The United States and Pakistan have a “strong” relationship, despite ongoing challenges between the two countries, according to a spokesman for the U.S. State Department.
“We have… strong relations with our Pakistani counterparts, we work through issues when they arise,” said State Department spokesman Marc Toner to reporters.
Since the May 2 killing of Osama bin Laden in a compound near Abbottabad in northern Pakistan, there has been “an intensity of engagement that illustrates our commitment to working through these issues,” Toner said, adding, “we’ve been upfront about challenges in the relationship but we’ve been also consistent in saying Pakistan and US need each other.
Toner added that Washington and Islamabad “need to work through these challenges because it’s in both of our long term and short term interest to do so.”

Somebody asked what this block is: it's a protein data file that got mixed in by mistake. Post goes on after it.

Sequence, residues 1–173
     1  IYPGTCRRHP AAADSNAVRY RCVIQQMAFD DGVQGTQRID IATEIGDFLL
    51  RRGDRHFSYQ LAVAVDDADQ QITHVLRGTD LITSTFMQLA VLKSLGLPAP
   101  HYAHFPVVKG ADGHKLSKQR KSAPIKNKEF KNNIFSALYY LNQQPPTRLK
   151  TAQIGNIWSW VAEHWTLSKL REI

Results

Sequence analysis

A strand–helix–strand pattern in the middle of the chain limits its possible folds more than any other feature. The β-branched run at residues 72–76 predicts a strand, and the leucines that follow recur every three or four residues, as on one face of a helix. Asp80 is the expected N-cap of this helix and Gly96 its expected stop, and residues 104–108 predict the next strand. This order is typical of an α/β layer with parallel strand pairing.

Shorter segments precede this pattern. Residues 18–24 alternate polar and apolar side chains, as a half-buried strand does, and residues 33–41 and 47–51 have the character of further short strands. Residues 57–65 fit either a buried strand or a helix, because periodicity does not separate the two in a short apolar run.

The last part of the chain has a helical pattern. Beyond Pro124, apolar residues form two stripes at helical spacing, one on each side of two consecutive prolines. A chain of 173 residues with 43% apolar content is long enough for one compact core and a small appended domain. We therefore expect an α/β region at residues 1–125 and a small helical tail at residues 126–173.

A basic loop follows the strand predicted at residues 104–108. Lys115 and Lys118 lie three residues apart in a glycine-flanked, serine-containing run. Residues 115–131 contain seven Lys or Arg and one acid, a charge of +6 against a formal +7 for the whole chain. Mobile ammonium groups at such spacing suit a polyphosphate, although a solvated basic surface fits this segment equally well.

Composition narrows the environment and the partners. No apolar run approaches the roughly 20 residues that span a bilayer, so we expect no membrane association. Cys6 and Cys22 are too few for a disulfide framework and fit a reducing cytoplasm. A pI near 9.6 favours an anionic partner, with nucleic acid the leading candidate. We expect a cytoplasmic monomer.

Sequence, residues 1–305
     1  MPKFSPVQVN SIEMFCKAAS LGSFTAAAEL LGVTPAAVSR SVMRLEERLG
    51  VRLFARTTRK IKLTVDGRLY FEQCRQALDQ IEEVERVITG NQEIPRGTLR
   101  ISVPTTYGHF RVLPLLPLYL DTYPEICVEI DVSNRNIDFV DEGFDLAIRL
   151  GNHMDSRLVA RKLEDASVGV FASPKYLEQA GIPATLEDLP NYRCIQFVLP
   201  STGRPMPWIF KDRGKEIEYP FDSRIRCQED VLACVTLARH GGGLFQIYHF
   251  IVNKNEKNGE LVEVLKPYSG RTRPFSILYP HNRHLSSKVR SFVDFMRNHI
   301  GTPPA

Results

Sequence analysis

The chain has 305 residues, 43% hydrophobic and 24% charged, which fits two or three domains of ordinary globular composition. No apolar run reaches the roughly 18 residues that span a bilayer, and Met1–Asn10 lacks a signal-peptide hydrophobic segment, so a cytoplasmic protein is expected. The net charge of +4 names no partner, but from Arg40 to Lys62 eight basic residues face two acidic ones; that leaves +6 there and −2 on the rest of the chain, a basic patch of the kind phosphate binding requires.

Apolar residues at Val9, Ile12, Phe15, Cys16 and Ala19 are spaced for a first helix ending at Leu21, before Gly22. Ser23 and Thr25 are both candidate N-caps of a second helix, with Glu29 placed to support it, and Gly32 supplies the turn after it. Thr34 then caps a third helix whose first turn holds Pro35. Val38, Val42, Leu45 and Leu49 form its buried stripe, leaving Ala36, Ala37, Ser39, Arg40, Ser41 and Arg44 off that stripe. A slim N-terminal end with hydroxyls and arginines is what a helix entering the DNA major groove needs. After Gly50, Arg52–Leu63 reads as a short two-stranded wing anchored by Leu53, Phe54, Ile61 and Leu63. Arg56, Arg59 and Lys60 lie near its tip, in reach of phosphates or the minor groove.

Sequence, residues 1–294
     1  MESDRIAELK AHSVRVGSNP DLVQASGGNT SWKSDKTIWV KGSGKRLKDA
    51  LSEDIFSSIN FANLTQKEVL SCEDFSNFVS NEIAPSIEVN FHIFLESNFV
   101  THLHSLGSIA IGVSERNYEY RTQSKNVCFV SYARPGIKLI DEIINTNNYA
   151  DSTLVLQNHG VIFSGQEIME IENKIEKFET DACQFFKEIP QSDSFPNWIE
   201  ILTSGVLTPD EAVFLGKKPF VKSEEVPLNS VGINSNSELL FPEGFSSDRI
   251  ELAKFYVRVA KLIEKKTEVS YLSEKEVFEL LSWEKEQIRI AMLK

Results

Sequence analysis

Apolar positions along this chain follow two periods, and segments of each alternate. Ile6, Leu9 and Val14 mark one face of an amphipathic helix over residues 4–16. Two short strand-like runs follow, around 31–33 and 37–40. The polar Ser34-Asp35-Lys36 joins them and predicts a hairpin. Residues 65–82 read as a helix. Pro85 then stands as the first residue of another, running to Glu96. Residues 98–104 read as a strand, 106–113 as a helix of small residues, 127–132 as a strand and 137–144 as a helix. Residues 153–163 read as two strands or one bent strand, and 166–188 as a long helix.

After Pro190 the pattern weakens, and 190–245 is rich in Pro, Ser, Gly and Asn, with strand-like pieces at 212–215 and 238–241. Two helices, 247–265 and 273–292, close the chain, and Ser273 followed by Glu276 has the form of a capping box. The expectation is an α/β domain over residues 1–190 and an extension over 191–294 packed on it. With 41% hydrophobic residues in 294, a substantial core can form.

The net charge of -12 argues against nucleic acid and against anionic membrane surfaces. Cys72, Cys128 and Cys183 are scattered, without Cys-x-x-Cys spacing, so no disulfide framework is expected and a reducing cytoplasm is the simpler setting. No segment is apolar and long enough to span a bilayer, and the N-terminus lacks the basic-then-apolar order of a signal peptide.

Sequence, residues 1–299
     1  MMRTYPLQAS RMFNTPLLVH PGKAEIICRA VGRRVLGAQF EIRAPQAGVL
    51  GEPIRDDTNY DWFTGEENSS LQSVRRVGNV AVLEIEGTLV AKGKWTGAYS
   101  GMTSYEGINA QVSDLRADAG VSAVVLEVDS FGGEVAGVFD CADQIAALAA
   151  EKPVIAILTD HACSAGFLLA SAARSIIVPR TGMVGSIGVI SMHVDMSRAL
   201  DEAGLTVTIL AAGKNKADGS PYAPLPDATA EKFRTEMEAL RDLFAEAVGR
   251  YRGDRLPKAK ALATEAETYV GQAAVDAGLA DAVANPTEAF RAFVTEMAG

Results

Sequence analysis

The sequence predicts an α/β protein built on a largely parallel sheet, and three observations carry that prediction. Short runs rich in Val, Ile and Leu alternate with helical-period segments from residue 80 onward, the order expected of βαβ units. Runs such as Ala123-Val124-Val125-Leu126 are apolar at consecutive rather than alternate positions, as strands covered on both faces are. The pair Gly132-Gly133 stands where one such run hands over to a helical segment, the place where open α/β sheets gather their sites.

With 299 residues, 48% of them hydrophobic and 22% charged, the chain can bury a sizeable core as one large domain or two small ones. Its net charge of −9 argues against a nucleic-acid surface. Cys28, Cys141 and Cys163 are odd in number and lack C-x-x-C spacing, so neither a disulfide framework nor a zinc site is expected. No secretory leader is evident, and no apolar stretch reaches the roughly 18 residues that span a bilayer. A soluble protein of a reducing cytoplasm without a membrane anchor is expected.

Toner added that US financial assistance to Pakistan benefitted both countries, and that Washington is committed to fighting terrorism with the help of Islamabad officials.
“We believe that assistance is important in our national security interests and obviously in Pakistan’s security interests to provide that kind of support so that Pakistan becomes a prosperous, democratic nation, or a more prosperous, democratic nation,” he said.
However, Toner refused to comment on media reports that the Pakistani government had arrested five CIA informants, including an army major, whose help allegedly helped the U.S. find and kill terror mastermind Osama bin Laden.